Title: Shin Megami Tensei III Nocturne HD Remaster
Release Date: May 25, 2021
Reviewed On: PS4
Way back in 2003, Shin Megami Tensei 3: Nocturne was released on Playstation 2, and it would remain a Sony exclusive, available later digitally on Playstation 3 as a PS2 classic. Out of the mainline Shin Megami Tensei games, Nocturne happens to be the most notable for several reasons, so it only makes sense that it would receive an HD remaster. Further, it would leave its Sony exclusivity by arriving on Nintendo Switch and PC alongside PlayStation 4. Being able to return to this title on modern consoles should entice fans and newcomers alike. Thankfully, it holds up incredibly well.
In the Shin Megami Tensei III Nocturne HD Remaster has players assume the role of a male high school student wearing bland shorts and a dope jacket as they are on their way to meet up with their teacher and a couple of classmates. As you make your way around the city, you get a little sidetracked by reports of a series of deaths in the local park. Being the inquisitive teenager, you are, you meet a writer for an occultic magazine who tells you about some opposing cults. The detour doesn’t last too long, and you’re at the hospital before you know it. However, aside from your friends, it is eerily void of any other people. Not one to sit around your go and look for your teacher who invited you all here.
This is when the plot is revealed. You find yourself in a basement face to face with a terribly dressed man named Hikawa, who tries to kill you with a demon before your teacher steps in. They begin talking about stuff you have no concept of at this point, and you watch the world end on the roof. Just to make things more strange, a child shoves a demon worm thing in your eye and turns you into a demon. Yes, and this all happens in the first 20 minutes.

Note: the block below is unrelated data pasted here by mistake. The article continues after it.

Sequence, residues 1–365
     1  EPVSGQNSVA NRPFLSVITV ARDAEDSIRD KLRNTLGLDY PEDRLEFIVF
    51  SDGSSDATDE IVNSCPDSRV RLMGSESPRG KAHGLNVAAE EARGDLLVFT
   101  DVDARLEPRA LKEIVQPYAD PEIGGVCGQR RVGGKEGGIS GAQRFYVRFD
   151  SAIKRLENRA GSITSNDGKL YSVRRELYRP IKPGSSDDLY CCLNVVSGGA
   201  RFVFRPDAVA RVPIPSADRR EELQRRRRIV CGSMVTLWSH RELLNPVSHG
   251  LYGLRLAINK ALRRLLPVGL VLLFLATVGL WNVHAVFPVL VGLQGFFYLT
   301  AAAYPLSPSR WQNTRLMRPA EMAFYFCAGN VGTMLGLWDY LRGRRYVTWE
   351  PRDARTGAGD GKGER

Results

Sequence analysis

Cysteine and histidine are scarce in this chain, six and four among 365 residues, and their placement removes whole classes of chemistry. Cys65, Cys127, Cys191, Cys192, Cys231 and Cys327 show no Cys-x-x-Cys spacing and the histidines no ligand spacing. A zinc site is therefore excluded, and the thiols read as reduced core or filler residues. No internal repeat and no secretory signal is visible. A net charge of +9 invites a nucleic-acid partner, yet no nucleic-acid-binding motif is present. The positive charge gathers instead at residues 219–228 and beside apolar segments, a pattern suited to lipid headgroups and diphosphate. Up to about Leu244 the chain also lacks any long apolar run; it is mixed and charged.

This end of the world phenomenon is called the “Conception,” and it’s pretty much earth reincarnating itself. Luckily, occult magazine man is here to help and look at mystery drums used as save points while you wander the remnants of the world and try to make sense of things. If navigating “the expanse” wasn’t enough, you’ll also have to fight off the new demonic denizens.
Navigating the expanse is easy enough given that the encounter rate isn’t very high and buildings you can interact with glow a nice faint red. While there aren’t any objective markers pointing you where to go, you shouldn’t get lost unless you take a very long break. While exploring, you can access a map that creates itself as you go, making the maze-like dungeons easier to navigate. Upon entering an area, you’ll be able to wander around in 3rd person, which was new for the series at the time as it made the jump from 2D to 3D, and still works well here selling the empty and lonely environments. Despite that infodump of the opening moments, Nocturne is rather minimalist when it comes to a supporting party which works wonders for the tone as our protagonist has to suffer through most of this experience alone.